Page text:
Throughout the history of social and political movements, art has typically reacted against violence, oppression, marginalisation and inequality. Philosopher and author Elena Martinique says this has always been a great power of the arts, “By addressing socio-political issues and challenging the traditional boundaries and hierarchies imposed by those in power, art can open up the space for the marginalised to be seen and heard and contribute to the social change by producing knowledge and solidarity, or simply raising awareness.”


Since many variations of protest art can be found across all cultures, it’s difficult to establish when this particular form of expression developed. Dr Uros Cvoro, a researcher at Contemporary Culture, Art and Politics at the University of New South Wales, says there are many examples of artists using their work to protest throughout history, although some key moments do stand out. “There has always been motivators, such as impressionist painters who were critiquing the status quo,” he explains. “But the sense that we understand art and politics today can be traced back to the period of 1968-1970, which was really a defining moment for how we understand political engagement and protesting today.”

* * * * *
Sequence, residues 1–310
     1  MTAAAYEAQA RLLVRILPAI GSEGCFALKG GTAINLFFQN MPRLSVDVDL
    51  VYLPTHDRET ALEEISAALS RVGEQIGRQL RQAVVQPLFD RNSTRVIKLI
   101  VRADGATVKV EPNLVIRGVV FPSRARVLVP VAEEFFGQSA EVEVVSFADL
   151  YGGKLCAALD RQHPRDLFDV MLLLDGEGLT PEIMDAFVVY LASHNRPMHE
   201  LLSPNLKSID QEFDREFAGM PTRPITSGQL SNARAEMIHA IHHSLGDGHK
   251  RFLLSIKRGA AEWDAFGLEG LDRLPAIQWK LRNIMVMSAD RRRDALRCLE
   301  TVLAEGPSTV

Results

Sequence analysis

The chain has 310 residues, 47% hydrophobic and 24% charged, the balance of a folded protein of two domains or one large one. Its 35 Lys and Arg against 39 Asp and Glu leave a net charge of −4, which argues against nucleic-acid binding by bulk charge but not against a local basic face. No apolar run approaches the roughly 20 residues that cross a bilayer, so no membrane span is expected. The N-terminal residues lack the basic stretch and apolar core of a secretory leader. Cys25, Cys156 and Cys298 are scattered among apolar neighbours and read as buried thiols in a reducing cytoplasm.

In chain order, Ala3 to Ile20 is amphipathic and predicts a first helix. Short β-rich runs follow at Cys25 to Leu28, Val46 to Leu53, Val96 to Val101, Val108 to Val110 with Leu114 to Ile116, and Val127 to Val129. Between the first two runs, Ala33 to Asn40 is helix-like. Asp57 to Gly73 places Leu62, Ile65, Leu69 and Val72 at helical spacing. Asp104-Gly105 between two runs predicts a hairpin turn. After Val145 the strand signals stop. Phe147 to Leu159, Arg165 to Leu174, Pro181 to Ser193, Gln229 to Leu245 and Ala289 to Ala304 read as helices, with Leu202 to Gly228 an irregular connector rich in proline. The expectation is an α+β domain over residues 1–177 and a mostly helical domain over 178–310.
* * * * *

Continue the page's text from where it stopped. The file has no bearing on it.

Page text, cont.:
As society dealt with the political movements of civil rights, feminism and anti-war protests, art became a tool to share those messages and give a voice to these marginalised causes.


Despite changes in the social and political landscape since 1970, art remains a tool to challenge hegemony and raise awareness about certain causes. For Dr Cvoro, the past two decades have shown a more profound understanding of how art can be political without being blatant propaganda. He says a lot of this has to do with the works of critical theorist Jacques Rancière and what he called the “regimes of visibility”.